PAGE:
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Tuesday, December 02, 2014

Book Review: Out of Africa (1934) by Isak Dinesen

Meryl Streep in Out of Africa, the 1985 film version of the 1934 book by Isak Dinesen.  A major difference between the film and movie is the strong love story in the film between Streep and Redford's character- which is absent from the book.

Book Review:
Out of Africa (1934)
by Isak Dinesen(Karen Blixen)

  I'm sure that 99/100 Americans think of the 1985 Robert Redford/Meryl Streep starring film when they hear the title of Out of Africa.  The central plot of the film: A passionate love affair between Redford's Denys, a big game hunter, and Streep's Karen is nowhere in the book, which isn't so much a novel as a memoir- an interesting memoir- of a woman who ran a coffee plantation in the Kenyan uplands prior to and after World War I.
Robert Redford played the love interest in the 1985 movie version of Out of Africa.

 The enduring popularity of this book is likely due to the great sensitivity and perception (and respect) that Dinesen/Blixen shows towards the landscape and people of Africa, even as she engaged in a prototypically imperialist endeavor. The world of Out of Africa is a gentle place, with none of the seething hatred and sprang up prior to and after independence.  True, Blixen is hardly looking for trouble- quite the opposite.  Her privileged status as a wealthy white woman, not a British subject (Blixen was Danish) meant that she had a sensitivity to injustice but didn't have to confront it on a daily basis.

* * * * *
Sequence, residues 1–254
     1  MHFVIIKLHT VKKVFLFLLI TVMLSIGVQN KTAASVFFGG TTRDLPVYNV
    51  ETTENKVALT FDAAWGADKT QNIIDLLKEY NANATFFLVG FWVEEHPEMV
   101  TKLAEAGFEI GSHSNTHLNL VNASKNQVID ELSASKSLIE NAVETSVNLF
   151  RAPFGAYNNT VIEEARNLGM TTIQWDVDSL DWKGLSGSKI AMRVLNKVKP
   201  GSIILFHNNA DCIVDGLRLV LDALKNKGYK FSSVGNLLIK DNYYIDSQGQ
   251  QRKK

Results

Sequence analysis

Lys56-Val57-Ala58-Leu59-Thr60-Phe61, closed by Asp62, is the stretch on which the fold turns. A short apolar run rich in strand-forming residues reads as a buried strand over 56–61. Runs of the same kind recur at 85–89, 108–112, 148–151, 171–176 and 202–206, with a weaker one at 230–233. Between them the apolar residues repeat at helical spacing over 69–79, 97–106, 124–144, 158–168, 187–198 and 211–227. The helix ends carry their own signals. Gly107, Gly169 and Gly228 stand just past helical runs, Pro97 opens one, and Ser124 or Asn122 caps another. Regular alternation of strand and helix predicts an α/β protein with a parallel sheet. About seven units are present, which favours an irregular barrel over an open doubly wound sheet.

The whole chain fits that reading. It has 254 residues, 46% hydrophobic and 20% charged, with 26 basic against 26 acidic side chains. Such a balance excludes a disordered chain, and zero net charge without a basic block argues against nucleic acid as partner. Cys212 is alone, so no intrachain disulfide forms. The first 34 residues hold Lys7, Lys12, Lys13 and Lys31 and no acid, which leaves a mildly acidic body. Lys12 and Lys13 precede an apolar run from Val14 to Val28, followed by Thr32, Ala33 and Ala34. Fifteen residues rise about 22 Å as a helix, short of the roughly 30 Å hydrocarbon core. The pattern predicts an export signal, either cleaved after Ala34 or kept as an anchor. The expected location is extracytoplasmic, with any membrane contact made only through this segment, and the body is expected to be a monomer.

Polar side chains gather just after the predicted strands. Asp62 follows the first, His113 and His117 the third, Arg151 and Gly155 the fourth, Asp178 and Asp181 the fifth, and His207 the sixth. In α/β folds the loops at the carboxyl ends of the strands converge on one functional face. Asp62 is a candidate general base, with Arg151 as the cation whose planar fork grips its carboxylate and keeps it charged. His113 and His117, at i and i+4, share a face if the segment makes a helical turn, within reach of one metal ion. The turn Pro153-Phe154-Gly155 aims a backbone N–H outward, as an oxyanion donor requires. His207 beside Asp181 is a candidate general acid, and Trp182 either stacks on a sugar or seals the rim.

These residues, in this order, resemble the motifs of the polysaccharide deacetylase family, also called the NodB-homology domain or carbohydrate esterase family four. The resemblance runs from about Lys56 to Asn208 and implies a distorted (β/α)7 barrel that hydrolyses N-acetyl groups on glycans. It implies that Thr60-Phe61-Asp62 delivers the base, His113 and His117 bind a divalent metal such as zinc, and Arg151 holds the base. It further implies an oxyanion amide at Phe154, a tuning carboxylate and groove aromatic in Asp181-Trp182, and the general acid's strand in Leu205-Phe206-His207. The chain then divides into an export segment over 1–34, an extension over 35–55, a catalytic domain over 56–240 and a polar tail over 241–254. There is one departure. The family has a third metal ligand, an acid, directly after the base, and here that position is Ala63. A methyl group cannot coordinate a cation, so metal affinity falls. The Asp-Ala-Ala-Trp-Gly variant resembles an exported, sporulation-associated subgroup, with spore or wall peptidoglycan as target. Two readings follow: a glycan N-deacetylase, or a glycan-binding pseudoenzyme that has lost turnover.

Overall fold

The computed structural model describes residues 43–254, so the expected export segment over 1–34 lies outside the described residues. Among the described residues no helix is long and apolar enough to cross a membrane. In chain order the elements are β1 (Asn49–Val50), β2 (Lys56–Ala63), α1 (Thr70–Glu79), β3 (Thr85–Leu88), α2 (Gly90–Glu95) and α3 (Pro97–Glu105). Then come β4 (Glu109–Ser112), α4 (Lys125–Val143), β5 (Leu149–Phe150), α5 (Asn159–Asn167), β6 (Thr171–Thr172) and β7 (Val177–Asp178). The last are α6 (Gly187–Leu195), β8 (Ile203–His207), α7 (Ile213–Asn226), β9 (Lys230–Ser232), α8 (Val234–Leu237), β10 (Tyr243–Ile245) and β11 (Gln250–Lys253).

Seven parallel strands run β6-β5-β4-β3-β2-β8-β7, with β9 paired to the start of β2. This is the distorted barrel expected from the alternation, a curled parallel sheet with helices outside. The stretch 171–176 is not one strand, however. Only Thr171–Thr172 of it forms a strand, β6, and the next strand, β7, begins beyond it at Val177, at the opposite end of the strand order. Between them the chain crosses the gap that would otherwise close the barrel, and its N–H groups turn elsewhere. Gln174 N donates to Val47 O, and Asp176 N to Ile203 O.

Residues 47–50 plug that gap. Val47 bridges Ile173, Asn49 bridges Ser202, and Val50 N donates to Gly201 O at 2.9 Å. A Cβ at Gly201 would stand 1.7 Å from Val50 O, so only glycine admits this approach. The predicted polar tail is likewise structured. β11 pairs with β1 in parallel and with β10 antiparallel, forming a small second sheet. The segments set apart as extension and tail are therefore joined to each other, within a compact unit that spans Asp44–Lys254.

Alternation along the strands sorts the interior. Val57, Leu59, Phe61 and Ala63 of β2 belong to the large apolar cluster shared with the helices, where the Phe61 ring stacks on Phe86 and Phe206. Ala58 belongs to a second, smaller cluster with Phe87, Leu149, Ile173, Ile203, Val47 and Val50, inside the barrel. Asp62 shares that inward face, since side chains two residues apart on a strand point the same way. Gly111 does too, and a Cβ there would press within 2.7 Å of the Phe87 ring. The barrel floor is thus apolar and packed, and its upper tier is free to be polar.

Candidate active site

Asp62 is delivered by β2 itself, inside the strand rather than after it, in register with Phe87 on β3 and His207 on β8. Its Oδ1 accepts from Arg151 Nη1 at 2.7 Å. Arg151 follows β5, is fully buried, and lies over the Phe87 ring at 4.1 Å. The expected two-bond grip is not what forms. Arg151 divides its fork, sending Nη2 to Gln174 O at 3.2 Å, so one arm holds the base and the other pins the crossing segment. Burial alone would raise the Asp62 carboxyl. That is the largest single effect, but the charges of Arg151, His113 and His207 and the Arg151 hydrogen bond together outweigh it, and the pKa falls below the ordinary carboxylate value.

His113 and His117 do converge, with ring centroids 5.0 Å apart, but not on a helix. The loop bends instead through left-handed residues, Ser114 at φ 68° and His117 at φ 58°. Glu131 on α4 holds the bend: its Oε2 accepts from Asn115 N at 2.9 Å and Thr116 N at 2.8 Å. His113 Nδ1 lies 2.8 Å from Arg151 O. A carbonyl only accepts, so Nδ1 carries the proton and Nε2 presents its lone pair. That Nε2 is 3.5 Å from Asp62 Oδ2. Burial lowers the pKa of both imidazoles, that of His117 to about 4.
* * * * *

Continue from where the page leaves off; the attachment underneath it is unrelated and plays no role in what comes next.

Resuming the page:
Those looking for a better understanding of modern day Kenya could do worse than starting here. While it would be unfair to call Kenya an unhistorical place, the coming of Europeans to the area was barely preceded by the entrance of Arab slave traders.  Blixen lives among a mix of Kikuyu's- the largest single ethnic group in Kenya, Somalis, who occupy a kind of "house servant" role within colonial Kenya, and the Masai, who live apart but nearby, since her coffee plantation is on the edge of their reserve.

 Dinesen/Blixen has much to say about the people, particularly her native servants.  Much of Out of Africa is split between the natives and her depiction of the land itself, with various European characters popping in and out.  Thought Blixen emigrated to Africa with her husband, they divorced while they were there and Blixen kept the coffee plantation.  Blixen downplays the uniqueness of her role as a single white female plantation owner in the middle of Africa in the early 20th century, but it's easy to read Out of the Africa as a kind of white-girl fantasy of mastery.

 But Out of Africa isn't fictional- and it doesn't even have the structure of a Novel, merely a series of vaguely linked anecdotes from her life in Africa.   So while the book is a romantic tale, it's not a romance, and there is no sex, so if you are looking for that based on the content of the film version, don't bother because it ain't there.

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